Our first incantation is the code evaluation assertion. It will execute the code inside when it is encountered, and then continue with the regex; they always succeed, unless their contents interrupt the execution of your program.

Let's look at some applications of this assertion.

Inspecting a Regex's State

It has been said that "you can't observe the behavior of a system without affecting the system's behavior." Not so, at least in Perl 5.8. The following regex uses code assertions to show how a particular optimization in the engine works:

# the /x modifier allows embedded whitespace
# to help improve readability and clarity
"salad" =~ m{
  .* (?{ print "[$&] " }) a
  .* (?{ print "($&) " }) a
}x;
# output:
# [sal] [s] (sal)

We often see backtracking as a character-at-a-time procedure, but it's really much more efficient than that. In this case, something like .*a makes the engine jump from one "a" to the next when matching or backtracking. The code assertion doesn't get in the way of this, even though it's in-between the .* and a. (Sadly, in Perl 5.6, it did get in the way. Try that code in 5.6 and you'll see it stops the optimization from occurring.)

You have access to the regex variables inside a code assertion; my example above uses $&, although it's general practice to avoid that variable. You can also access $1 and other digit variables, $^N, $+, and the arrays @- and @+. One caveat, though, is that you can't access a capture group until it has been completed; that is, the closing parenthesis for $1 must be passed before you can see the contents of $1 in a code assertion, otherwise you'll be seeing its previous value. This code won't print anything inside the quotes because $1 hasn't been closed before it's printed:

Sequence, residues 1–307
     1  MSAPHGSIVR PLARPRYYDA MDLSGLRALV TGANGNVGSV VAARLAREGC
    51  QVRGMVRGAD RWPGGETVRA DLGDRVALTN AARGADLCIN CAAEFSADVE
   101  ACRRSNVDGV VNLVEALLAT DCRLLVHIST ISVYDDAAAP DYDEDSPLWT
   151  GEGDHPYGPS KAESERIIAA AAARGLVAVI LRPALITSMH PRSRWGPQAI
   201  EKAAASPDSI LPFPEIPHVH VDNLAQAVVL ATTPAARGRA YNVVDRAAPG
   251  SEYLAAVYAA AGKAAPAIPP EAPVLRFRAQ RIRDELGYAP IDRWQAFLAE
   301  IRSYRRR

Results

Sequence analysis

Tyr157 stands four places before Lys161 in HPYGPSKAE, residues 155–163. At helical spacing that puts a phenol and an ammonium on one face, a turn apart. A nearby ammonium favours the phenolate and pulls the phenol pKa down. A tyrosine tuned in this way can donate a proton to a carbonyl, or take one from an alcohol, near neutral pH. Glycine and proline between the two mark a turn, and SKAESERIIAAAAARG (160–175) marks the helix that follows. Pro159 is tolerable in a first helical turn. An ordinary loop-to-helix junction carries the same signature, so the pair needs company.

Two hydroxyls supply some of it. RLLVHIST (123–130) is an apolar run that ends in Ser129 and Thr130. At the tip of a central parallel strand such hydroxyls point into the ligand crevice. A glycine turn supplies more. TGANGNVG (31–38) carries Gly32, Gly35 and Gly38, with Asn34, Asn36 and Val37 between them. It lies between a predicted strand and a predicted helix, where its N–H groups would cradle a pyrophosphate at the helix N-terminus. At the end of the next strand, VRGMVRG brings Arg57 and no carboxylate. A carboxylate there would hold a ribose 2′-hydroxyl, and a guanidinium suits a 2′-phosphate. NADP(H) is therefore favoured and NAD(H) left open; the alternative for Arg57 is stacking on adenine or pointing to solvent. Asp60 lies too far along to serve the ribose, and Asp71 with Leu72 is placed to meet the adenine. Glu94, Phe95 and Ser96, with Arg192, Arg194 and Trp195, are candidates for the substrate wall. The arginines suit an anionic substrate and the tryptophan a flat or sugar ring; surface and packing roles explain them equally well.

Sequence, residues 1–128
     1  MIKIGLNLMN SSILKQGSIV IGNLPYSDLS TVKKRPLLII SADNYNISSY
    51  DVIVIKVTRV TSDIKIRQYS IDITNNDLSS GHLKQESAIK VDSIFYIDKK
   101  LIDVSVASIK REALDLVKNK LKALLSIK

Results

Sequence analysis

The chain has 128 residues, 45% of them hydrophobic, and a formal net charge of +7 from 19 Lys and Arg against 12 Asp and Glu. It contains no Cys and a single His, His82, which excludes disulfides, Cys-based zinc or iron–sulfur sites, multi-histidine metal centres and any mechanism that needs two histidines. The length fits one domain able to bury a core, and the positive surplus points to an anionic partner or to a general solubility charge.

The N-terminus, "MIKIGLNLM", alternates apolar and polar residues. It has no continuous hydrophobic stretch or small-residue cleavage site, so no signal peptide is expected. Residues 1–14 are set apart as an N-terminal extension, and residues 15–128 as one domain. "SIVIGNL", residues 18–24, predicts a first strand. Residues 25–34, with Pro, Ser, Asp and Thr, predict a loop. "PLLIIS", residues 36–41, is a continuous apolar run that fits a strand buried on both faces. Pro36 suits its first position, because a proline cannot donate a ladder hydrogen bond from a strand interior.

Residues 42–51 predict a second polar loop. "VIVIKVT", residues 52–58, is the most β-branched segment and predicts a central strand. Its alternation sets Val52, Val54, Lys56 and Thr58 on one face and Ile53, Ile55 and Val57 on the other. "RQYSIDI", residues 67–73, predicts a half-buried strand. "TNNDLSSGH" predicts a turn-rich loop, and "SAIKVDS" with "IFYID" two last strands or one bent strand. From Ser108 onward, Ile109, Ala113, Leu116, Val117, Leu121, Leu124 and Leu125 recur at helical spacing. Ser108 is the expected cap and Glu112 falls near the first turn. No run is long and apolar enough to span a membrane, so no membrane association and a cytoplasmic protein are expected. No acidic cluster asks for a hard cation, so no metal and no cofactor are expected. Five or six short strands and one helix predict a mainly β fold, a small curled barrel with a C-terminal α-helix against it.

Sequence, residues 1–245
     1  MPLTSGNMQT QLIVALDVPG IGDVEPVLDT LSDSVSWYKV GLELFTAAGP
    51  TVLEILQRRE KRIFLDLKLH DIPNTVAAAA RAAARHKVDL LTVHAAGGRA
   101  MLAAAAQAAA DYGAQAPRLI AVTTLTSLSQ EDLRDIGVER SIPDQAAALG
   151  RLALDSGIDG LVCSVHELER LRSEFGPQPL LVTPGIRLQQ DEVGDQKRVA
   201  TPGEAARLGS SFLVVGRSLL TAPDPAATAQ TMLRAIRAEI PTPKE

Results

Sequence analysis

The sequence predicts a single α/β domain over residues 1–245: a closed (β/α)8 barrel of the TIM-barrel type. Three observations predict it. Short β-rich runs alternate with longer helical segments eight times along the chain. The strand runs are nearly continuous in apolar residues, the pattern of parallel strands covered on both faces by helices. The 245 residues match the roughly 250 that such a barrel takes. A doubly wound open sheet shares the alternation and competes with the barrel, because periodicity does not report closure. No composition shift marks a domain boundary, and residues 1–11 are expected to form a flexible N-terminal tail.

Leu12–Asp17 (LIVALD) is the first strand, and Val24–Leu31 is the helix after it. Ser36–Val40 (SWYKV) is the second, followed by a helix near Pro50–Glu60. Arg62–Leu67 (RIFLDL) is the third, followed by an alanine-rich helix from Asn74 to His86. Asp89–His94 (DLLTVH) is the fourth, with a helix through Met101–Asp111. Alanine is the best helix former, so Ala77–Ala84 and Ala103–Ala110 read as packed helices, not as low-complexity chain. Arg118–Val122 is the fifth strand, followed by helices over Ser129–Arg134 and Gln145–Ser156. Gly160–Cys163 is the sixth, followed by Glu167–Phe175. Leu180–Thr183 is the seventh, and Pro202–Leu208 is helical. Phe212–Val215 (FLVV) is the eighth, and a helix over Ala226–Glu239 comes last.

"perl" =~ m{
  ( (?: . (?{ print "'$1'\n" }) )+ )
}x;

In order to inspect the digit variables as they're being created, you need to be cunning: Create a variable inside a code evaluation immediately prior to the capture group that stores the current location in the string. Then, use substr() on $_. This is a copy of the string you're matching against inside a code evaluation:

"perl" =~ m{
  (?{ $p = $-[0] })
  ( (?:
    .
    (?{ print substr($_, $p, $+[0] - $p), "\n" })
  )* )
}x;

That $_ trick is undocumented as far as I can tell, which means it might not stay that way in the future. (But considering Perl 6 regexes will be radically different, we should have fun while we can.)

In this way, code evaluation assertions are good debugging tools because you can use them without interfering with the execution of the regex and you can get helpful diagnostic information, such as where you are in the string, what you've captured, and so on.

Capturing Repetitions

I've often been asked why a regex like /(\w)+/ only returns the last word character captured:

"japhy" =~ /(\w)+/ and print "<$1>";  # 'y'

The reason is because the regex is continually storing what \w matches to $1, and each time, it's overwriting the old contents. It won't create $2, $3, and so forth, and it doesn't create a @1 array. So the question remains: How can I keep track of repeated capture groups?

The answer works on the principle that the matching and backtracking in a regex is very similar to a variable scoping stack if you use local() on your variables inside code evaluations. local() works differently in a regex; it gives a variable a value that